post #30 of 31
Quote:
Originally Posted by iplaywithfire View Post

Yes, the durum will (edited from "with") add a grainy texture to the pasta, but if it's rested properly with appropriate moisture levels before being rolled out, the pasta should not have a gritty texture, and, for me, the grainy texture is enjoyable.  Some people prefer their pasta one way and one way only, completely uniform in granule size ( for those who hold this opinion, the granules should be undetectable as a texture).  I see nothing wrong with the uniformity, but I also like the rustic pastas, especially when extra egg is added. 

 

On the subject of tofu, you found a hole in the explanation of my love/hate relationship that I could not readily identify.  I thank you for that!  In addition to application, it's also a matter of treatment.  Under-season and/or over-cook any meat with a low fat content and it will be bland and not very appetizing.  It's more like having to take a pill in a gel capsule vs having to swallow a pill with no coating whatsoever, leaving that nasty metallic taste in your mouth.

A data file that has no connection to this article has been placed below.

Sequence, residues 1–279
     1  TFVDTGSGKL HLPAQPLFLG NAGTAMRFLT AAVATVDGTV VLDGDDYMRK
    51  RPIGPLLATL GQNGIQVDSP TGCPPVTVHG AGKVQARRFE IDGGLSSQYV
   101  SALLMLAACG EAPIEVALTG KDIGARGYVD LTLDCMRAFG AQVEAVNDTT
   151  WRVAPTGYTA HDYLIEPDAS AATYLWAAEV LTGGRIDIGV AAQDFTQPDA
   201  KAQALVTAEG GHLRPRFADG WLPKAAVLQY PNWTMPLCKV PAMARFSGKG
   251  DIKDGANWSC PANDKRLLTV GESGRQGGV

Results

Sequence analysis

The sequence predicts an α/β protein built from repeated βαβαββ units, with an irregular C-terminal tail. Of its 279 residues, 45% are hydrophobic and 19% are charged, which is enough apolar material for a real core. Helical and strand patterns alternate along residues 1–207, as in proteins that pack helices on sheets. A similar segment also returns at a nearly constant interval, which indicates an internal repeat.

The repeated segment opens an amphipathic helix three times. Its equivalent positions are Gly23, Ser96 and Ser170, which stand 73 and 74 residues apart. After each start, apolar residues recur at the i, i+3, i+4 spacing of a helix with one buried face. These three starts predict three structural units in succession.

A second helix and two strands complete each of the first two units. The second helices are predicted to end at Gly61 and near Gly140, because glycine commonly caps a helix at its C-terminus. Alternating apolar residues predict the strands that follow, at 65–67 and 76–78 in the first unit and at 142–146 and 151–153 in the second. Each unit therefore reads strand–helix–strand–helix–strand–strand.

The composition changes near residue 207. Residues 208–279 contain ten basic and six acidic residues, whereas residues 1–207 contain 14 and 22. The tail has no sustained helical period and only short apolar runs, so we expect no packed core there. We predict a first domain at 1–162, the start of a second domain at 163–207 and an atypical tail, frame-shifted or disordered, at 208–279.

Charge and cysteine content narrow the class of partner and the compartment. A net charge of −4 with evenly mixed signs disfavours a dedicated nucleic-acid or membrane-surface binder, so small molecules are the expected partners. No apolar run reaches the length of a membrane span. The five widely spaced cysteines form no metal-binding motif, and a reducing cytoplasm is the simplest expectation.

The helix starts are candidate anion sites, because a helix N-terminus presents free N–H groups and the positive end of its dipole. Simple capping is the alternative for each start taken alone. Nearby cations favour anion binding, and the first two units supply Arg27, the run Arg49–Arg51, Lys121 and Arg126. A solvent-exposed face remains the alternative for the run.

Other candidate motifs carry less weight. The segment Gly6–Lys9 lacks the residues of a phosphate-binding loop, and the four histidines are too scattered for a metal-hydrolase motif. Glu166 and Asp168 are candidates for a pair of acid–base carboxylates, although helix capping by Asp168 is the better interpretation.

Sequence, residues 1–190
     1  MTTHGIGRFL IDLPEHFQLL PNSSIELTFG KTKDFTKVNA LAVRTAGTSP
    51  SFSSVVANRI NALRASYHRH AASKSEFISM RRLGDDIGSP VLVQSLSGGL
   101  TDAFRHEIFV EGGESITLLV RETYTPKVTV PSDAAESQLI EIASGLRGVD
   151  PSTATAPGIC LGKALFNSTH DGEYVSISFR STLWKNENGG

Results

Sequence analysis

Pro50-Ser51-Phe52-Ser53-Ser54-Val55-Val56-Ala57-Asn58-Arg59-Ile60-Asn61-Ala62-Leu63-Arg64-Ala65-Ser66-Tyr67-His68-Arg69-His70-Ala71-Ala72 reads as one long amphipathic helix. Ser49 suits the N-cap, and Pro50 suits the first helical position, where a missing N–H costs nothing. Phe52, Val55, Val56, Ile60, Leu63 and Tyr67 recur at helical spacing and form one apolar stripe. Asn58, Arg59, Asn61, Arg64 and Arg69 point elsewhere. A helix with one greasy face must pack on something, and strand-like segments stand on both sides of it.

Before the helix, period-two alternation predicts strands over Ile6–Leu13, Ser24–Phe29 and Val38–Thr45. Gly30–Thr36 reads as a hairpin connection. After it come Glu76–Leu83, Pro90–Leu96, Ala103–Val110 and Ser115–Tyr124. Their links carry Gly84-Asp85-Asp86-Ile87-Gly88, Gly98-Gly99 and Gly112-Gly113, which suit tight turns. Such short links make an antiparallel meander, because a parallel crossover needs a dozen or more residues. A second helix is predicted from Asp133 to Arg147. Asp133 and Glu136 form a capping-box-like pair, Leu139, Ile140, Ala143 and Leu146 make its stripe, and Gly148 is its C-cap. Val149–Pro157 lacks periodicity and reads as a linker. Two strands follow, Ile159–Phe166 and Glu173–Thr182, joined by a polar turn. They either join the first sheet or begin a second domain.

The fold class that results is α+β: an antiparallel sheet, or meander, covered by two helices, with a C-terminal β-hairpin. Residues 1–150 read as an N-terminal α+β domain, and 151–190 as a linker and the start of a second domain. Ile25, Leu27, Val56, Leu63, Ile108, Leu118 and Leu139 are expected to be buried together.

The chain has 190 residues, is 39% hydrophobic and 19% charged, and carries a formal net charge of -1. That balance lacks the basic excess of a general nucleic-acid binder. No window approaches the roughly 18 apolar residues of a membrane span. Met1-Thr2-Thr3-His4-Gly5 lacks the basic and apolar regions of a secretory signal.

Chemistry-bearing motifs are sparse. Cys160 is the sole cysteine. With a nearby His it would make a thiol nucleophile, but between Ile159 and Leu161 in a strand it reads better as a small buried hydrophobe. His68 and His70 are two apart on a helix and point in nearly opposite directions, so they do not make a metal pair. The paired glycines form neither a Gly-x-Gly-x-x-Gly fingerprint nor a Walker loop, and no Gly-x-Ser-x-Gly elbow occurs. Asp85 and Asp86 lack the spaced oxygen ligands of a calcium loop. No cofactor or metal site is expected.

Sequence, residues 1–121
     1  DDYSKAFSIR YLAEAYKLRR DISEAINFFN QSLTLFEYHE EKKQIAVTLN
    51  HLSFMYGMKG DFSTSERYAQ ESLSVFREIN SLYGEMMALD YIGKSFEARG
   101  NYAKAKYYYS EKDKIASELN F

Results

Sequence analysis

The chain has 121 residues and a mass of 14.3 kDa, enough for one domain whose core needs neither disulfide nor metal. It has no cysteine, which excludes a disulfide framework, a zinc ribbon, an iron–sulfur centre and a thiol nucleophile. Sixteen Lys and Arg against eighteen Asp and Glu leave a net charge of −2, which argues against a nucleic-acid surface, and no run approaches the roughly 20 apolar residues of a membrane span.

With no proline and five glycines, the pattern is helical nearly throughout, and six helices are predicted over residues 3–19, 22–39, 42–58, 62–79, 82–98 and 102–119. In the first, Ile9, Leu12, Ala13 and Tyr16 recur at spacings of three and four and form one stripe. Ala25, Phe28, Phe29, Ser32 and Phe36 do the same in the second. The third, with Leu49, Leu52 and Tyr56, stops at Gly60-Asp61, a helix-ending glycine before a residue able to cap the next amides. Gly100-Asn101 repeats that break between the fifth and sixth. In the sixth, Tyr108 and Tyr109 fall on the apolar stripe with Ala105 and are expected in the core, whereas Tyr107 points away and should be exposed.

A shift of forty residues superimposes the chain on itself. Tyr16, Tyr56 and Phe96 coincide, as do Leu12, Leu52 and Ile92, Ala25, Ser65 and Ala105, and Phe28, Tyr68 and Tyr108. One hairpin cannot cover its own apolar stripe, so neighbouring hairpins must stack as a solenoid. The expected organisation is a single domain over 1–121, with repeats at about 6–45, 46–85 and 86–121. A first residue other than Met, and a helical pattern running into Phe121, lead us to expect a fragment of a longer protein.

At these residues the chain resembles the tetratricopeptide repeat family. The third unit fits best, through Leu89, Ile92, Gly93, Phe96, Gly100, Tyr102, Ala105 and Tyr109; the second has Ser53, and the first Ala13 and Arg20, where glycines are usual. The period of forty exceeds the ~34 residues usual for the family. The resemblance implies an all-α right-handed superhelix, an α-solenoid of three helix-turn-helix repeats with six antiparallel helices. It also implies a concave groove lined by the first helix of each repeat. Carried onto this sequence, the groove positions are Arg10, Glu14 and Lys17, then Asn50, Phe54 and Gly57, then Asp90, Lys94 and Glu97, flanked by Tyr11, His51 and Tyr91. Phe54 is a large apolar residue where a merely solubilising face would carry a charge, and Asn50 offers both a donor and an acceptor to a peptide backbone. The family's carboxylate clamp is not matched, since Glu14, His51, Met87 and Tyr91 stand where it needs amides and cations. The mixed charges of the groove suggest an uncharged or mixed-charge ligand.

It's not the durum that gives the grit (all the pasta here is made with durum flour) it's the undissolvable grit of the bran of the whole wheat.  Bran can absorb moisture in bread, and can make the bread very pleasant, or in muffins, for example- bran muffins are moist.  But in pasta, which is dried out, it is grit that remains between your teeth.  sawdust. 
 

"Siduri said, 'Gilgamesh, where are you roaming? You will never find the eternal life that you seek...Savour your food, make each of your days a delight, ... let music and dancing fill your house, love the child who holds you by the hand and give your wife pleasure in your embrace.'"
Reply
"Siduri said, 'Gilgamesh, where are you roaming? You will never find the eternal life that you seek...Savour your food, make each of your days a delight, ... let music and dancing fill your house, love the child who holds you by the hand and give your wife pleasure in your embrace.'"
Reply